Memes. In this area I think there was a "move towards the middle ground" over the course of the week. Here is my attempt to make the middle ground explicit, combining elements from Dennett, Blackmore, and Sperber and linking them to the ideas above: meme-talk is appropriate as a way of discussing recurring cultural objects that are produced and used in a somewhat low-comprehension way. They need not be replicators, even in a relaxed sense. They might arise by hetero-impact. But there is (or should be) a real difference between a meme-based view of cultural variants and a traditional rational choice framework. It is not the case that memes are just whatever recurs in culture; Sperber pointed out that this would trivialize the meme framework, and I think that is right. But memes need not be copied. There might be a role for attractors, hetero-impact, and so on. So the viability of this relaxed view of memes is tied to the empirical disagreement described above about comprehension.I'm quoting this because I think it is wrong. I think it is also pretty silly. There's no theory of memes as "low-comprehension" entities. Intelligently designed memes qualify too. One would not avoid calling a "gene" a "gene" because it was the product of genetic engineering. Memetically engineered memes are memes too. Peter's proposal makes no sense at all.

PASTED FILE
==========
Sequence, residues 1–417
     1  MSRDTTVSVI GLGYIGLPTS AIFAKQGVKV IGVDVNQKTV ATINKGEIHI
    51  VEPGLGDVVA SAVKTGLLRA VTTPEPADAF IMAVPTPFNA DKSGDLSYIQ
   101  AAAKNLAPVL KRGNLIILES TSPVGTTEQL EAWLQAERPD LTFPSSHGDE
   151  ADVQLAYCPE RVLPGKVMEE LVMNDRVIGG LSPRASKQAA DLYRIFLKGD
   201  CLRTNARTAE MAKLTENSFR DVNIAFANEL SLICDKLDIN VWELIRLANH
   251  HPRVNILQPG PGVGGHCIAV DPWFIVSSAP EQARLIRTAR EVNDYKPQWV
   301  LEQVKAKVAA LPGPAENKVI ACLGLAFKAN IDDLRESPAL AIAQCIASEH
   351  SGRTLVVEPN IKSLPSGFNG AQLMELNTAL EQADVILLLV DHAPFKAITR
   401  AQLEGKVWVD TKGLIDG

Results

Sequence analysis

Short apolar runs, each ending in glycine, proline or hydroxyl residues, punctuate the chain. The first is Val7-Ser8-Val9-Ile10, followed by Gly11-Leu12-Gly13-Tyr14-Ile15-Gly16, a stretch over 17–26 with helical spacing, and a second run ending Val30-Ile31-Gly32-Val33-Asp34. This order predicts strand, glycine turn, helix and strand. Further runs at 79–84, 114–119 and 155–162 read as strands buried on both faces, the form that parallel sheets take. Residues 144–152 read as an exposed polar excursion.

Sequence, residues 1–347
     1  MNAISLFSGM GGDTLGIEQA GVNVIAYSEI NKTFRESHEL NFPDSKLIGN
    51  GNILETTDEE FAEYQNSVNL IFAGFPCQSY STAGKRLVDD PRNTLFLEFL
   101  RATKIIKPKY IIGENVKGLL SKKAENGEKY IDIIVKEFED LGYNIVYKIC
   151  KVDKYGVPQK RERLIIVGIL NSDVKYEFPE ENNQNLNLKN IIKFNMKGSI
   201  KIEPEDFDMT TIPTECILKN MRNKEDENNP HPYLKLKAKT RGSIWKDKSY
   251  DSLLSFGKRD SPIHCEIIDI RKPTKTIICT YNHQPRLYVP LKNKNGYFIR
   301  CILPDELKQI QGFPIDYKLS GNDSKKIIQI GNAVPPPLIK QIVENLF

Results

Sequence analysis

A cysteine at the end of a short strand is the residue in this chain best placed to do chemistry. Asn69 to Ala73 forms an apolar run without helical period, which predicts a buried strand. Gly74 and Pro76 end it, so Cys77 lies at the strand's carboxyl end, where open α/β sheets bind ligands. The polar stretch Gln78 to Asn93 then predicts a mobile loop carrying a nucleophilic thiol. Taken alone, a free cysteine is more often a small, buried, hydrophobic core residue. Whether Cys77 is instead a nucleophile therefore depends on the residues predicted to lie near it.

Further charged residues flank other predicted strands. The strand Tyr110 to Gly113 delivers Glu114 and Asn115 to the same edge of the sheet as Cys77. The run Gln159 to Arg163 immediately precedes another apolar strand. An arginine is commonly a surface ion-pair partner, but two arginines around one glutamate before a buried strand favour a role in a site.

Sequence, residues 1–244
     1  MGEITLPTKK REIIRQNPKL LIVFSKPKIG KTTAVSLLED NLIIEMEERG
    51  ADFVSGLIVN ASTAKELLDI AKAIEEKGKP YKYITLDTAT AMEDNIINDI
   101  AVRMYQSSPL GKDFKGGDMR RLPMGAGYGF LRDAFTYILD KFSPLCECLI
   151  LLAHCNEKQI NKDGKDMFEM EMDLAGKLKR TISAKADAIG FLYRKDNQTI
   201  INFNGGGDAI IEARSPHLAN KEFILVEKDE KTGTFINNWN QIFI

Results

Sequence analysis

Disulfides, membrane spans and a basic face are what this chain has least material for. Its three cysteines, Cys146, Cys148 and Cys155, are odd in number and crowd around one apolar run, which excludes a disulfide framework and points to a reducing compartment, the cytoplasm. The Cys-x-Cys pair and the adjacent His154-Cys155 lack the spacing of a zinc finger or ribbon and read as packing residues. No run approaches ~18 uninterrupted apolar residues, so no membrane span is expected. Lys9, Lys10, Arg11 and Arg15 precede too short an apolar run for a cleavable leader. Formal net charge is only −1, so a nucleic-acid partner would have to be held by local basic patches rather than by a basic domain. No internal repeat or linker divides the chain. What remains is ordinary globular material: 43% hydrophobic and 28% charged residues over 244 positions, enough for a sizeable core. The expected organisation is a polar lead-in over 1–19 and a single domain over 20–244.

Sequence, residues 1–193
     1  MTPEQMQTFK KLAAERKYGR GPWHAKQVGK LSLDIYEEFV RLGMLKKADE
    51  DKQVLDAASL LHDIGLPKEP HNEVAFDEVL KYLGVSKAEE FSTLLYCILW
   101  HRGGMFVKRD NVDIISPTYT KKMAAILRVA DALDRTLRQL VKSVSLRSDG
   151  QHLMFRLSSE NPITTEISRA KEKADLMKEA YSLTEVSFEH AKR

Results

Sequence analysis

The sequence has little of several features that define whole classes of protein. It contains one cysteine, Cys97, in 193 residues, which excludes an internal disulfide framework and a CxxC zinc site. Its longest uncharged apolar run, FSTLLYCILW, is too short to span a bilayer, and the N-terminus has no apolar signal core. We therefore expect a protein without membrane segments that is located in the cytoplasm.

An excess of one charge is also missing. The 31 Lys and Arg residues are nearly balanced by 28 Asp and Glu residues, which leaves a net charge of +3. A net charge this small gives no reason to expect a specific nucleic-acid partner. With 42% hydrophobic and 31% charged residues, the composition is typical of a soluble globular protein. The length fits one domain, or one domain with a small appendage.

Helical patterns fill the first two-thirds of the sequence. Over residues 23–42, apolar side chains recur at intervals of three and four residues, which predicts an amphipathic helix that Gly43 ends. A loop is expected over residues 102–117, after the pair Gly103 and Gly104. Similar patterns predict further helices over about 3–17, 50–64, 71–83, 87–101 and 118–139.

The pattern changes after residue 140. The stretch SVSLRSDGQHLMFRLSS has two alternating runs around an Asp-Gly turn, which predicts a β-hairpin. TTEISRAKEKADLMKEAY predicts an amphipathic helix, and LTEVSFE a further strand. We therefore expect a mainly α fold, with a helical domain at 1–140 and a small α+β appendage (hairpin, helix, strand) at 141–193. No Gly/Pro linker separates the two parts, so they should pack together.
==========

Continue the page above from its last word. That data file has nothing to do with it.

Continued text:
I guess I think that the future of meme-talk will be in informal summaries of low-comprehension processes of cultural change, rather than actual theory-building.
Of course it is also not the case that "memes are just whatever recurs in culture". Just as there are genes (copied) and gene products (not copied), so culture is composed of memes (copied) and meme products (not copied).